This week’s Columbus Alive has a short interview with movie/TV writer Michael R. Perry (Millenium, Paranormal Activity 2), a Columbus native. It’s fairly lightweight, basically a fluff piece about his writing gig on the new ABC series The River, but I did like this little snippet:
“Television is all about character, and I think horror is all about character. Sam Raimi told me, ‘You have to create characters that people love and then punish them.'”
Tangentially, I did watch the first episode of the show last week. And although it’s got a great hook as the premise (a family and crew go searching in the Amazon for a missing nature host with a secret involving dark magic) it didn’t grab me enough to invest in watching the show on a regular basis. Part of the turn-off factor for me was the found footage/mocumentary style of filming the show, with multiple handheld cameras. While it does match well with the structure of the show’s narrative, and is a style that can be used to great effect, I find it best suited for a standalone movie. Watching that week after week on a serial show would get annoying.
Which brings me to the other reason the show didn’t resonate with me: most of the characters are annoying. Perry states:
“A huge part of developing ‘The River’ was trying to figure out who the nine people are. The trick is everybody has a duel agenda.”
It’s a trick they managed, as they did a good job of coming up with 9 fairly distinct personalities and motivations (no easy task), but unfortunately none of them are likeable. Also, constant reaction shots of 9 different characters giving 9 different emotional (and secretive) responses to the same event got tiring in the first episode, so I can’t imagine watching a whole season of that. And finally, there was the complete lack of humor, which I believe helps to humanize your characters. Sure, at its heart The River is a “horror” show, but if Raimi’s guideline is to first “create characters that people love,” they can’t all be angst-ridden, secretive manipulators.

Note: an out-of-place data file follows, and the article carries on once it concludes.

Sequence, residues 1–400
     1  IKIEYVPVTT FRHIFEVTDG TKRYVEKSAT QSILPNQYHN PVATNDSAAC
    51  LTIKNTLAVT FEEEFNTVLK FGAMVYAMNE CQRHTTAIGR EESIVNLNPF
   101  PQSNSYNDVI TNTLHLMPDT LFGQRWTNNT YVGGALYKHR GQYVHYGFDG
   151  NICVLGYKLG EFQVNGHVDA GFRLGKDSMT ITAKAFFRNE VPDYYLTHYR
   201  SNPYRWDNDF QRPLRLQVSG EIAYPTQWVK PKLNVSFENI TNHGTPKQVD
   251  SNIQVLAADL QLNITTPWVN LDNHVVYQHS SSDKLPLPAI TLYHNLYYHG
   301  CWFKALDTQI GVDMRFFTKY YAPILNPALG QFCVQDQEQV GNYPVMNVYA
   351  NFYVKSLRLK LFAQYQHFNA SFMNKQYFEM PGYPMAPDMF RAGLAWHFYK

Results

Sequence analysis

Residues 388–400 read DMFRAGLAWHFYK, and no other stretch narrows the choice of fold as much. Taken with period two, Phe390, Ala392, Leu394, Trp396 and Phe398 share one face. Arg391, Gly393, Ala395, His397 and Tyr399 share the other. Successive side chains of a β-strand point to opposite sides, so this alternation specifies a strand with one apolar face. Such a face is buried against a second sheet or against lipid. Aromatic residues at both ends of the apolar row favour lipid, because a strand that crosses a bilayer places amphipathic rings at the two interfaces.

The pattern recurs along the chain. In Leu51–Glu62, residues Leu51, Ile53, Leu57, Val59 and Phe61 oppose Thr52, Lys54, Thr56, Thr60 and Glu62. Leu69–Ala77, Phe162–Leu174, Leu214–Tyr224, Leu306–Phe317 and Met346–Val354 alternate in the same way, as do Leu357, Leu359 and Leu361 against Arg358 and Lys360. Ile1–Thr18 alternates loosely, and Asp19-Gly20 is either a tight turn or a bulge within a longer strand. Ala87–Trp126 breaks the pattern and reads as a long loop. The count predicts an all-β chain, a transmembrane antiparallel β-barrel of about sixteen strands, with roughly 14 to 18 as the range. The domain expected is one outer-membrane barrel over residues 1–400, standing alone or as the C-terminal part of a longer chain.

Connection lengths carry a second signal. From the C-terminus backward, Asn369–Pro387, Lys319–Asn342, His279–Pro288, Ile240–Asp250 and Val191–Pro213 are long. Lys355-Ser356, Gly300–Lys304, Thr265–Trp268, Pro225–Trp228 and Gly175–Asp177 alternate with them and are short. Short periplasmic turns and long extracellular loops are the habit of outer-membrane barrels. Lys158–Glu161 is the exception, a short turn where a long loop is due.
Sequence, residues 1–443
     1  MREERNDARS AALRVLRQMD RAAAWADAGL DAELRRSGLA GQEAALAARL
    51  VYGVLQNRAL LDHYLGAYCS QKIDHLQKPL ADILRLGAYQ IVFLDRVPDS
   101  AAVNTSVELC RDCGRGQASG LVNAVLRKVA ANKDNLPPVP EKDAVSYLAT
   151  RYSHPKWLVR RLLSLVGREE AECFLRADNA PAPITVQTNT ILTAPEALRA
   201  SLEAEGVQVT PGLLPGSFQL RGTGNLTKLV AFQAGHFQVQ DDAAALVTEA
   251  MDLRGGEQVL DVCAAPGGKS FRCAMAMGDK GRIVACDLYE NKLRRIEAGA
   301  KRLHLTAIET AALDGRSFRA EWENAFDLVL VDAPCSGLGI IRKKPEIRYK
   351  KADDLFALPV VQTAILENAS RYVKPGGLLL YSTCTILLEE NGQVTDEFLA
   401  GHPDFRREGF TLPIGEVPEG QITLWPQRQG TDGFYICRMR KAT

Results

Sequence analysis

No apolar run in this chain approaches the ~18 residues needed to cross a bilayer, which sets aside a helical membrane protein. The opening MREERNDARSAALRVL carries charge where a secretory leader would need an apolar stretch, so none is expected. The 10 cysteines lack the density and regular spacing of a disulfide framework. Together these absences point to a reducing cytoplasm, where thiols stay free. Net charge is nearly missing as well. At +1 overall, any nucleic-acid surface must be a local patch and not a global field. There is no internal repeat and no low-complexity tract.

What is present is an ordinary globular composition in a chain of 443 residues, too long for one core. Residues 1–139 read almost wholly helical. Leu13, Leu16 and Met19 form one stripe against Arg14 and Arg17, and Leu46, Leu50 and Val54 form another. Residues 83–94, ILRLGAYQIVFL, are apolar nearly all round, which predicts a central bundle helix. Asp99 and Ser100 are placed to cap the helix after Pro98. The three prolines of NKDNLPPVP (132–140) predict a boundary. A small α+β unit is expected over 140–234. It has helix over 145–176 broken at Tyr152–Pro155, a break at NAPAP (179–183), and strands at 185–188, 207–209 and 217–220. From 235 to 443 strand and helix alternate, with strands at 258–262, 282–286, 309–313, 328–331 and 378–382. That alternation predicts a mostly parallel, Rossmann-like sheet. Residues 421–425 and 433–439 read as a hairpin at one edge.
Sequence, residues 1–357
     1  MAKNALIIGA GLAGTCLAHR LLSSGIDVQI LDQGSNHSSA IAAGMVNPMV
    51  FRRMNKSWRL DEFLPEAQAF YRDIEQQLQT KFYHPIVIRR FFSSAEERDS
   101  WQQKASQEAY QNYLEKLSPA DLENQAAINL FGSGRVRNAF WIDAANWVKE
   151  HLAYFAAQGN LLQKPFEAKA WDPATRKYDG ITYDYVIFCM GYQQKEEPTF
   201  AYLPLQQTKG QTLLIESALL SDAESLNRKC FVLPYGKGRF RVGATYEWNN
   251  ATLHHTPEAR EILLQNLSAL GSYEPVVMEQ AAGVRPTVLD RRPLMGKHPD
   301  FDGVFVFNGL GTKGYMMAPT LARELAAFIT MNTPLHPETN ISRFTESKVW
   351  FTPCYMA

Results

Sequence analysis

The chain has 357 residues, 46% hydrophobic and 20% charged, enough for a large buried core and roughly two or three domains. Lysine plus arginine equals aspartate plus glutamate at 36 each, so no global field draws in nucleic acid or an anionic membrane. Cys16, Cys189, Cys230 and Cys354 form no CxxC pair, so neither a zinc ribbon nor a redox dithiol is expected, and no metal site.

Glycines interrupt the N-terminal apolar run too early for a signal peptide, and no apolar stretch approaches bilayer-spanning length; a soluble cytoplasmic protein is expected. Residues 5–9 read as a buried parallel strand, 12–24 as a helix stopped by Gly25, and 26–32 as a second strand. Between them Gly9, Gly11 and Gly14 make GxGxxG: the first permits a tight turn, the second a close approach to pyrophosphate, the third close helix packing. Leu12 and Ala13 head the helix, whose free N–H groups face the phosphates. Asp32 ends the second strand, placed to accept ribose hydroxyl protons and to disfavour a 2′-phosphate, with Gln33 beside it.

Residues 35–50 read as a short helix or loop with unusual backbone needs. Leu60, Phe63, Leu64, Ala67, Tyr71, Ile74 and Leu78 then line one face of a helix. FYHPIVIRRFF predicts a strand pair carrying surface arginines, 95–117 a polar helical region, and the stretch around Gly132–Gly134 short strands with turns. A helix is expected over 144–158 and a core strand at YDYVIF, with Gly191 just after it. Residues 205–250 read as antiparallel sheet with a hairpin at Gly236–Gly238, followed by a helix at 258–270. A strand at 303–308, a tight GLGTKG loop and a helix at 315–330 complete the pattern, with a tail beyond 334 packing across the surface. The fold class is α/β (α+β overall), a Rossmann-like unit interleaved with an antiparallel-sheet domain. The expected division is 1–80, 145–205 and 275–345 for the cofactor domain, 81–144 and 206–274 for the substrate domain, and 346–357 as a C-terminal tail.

I know it’s not quite fair to judge the whole show by just a single episode, so obviously your mileage may vary. But going back to the original reason I started this post (before it meandered into a TV show review), I like that simple bit from Raimi on how he approaches horror.